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  The History of the International Association of Astacology *

The idea for the first European symposium on crayfish was that of Sture Abrahamsson of Sweden in the early 1970s, who also suggested forming an association fro astacologists and having a newsletter, although the first was not published until 1977.

The first symposium in Hinterthal, Austria, in 1972 in fact became an international one as a number of American astacologists also attended.  James Avault Jr. of the USA suggested a second meeting in Louisiana, and the International Association of Astacology took off from there.  Ten of our current members have been made Charter Members of the IAA as they were at Hinterthal when the International Association of Astacology was formed and still retain an interest in the Association's affairs.

Why "Astacology"?  Per Brinck (Crayfish News Vol. 10(2), 1988) explained that the term "Astacology" was decided on for the Association's name due to the fact that it gave a good indication of what the Association was about, being derived from the name of an important freshwater crayfish (Astacus).  Originally used by medieval authors for various decapod crustaceans, Astacus was adopted for the European freshwater species as Cancer astacus by Linnaeus in 1758, with Fabricius changing the generic name to Astacus in 1775.  A very specific name was avoided as it might have changed through time, e.g., be synonymised.  It aslo allowed for the fact that in the future the Association may be expanded to include other decapods.

The International Association of Astacology is now a thriving organization comprising members from more than 40 countries with an interest in freshwater crayfish.  Members come from all walks of life, including the crayfish farming industry, academia, and government organizations.  The main aims of the IAA are to encourage the scientific study of crayfish for the benefit of mankind, to provide for the dissemination of research findings relating to crayfish, and to develop an international forum for free discussion of problems relevant to crayfish.  These aims have not changed in more that 30 years.

Since its formation in 1972 the IAA has gradually grown in size and complexity.  It is fronted by a permanent Secretariat, but has elected officers (President, President-elect and Secretary/Treasurer) who run the organization on a two to three year cycle between symposia.  The symposia provide a valuable forum for the exchange of information, usually attracting more that 100 delegates, including many students.  The organizers try to secure funds to pay some of the expenses of astacologists from Eastern Europe and other geographical areas where members find it difficult to obtain funding for overseas visits.  Local, regional, and national meetings are also encouraged by the IAA, which can offer limited funding.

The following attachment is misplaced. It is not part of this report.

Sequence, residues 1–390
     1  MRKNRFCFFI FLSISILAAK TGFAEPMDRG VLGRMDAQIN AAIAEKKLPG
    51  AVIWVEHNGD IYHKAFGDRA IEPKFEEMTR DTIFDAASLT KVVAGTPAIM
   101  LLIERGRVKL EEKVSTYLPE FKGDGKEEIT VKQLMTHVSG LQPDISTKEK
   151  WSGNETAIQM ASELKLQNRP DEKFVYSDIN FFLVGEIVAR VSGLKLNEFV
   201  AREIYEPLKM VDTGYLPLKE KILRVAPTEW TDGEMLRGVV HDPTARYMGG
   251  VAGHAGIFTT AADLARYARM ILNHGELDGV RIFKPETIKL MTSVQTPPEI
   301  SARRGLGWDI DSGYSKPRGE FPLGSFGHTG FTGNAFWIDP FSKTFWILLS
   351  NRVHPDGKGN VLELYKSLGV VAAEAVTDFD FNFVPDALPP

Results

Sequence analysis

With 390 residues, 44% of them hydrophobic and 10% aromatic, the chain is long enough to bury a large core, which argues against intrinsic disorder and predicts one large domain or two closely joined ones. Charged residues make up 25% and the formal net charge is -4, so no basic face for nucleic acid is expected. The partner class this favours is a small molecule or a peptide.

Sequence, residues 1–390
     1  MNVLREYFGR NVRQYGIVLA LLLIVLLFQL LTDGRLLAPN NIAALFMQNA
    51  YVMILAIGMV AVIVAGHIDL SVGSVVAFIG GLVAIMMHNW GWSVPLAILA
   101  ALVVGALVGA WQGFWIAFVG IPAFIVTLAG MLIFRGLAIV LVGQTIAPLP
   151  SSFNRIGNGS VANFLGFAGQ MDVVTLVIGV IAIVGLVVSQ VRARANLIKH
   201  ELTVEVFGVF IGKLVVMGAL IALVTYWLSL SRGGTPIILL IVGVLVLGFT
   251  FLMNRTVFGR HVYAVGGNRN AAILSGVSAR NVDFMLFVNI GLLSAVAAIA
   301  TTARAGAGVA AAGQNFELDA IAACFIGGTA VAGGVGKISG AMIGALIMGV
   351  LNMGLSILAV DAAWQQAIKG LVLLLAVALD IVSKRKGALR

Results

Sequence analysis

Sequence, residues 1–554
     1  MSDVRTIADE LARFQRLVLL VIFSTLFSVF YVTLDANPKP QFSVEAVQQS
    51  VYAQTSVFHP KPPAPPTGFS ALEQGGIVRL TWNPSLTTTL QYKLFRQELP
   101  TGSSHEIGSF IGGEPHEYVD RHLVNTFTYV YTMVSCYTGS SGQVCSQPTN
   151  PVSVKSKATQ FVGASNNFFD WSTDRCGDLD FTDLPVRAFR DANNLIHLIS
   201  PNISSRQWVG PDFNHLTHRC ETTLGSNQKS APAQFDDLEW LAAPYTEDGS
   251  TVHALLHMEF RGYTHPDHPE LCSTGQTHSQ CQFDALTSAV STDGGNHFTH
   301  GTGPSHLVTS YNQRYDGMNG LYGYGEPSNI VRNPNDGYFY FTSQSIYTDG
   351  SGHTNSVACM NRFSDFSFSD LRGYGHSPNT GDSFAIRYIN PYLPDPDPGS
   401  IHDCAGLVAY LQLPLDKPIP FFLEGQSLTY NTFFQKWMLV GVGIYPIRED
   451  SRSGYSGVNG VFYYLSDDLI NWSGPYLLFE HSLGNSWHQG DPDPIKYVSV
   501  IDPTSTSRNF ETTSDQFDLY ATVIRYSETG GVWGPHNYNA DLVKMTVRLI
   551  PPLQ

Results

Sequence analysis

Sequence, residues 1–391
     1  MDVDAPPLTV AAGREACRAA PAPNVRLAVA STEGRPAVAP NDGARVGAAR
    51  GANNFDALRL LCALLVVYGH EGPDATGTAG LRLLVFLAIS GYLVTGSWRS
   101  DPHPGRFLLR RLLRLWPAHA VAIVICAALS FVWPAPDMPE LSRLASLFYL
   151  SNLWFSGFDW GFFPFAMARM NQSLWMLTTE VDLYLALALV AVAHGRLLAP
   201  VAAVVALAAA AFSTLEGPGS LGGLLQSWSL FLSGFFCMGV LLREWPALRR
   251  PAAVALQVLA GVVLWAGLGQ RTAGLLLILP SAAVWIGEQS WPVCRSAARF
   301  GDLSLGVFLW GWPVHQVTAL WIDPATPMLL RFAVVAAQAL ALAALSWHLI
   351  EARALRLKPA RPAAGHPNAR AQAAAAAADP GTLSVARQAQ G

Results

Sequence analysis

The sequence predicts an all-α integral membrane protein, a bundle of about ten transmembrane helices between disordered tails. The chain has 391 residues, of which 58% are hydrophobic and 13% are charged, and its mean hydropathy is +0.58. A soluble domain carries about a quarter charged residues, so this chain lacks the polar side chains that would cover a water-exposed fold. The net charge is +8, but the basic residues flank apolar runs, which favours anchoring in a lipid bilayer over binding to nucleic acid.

A newsletter, Crayfish News, is sent quarterly to all members and includes a wealth of up-to-date information.  Members are encouraged to contribute articles on their research, observations they have made, and anything of interest to other astacologists.  The newsletter is a particularly useful source of references -- so, if you publish something then send details to the editor -- including titles and summaries of Masters and Doctoral theses.

A membership Directory is published biennially and sent to all members.  This is a valuable source of information as it allows members to find out who else in their geographical area is interested in crayfish and who is an expert in a particular field.

A Home Page has been set up and contains valuable information including further details of the IAA, its bylaws, and bibliography and index to papers in Freshwater Crayfish, and links to other useful sources of crustacean information and contacts [http://crayfish.byu.edu/IAA/].


IAA symposia have been held in 11 different countries so far.  The officers of the IAA welcome suggestions for future venues and from members willing to organize symposia.  Seed money for such ventures is provided by the IAA although it is hoped that this will be returned after the final accounting is done!  Funds are provided by the Sture Abrahamsson Memorial Foundation to help with the expenses of an invited speaker to give the Abrahamsson Memorial Lecture.

Policy on Introductions

The Association supports the view that there is a need for the conservation of indigenous species and for their restoration where they have been eliminated.  If crayfish are to be introduced outside their natural range then governments should be responsible for undertaking environmental impact assessments to ensure that these crayfish will not harm the native biota, including other species of crayfish, by means of predation and competition, transmitted diseases and parasites.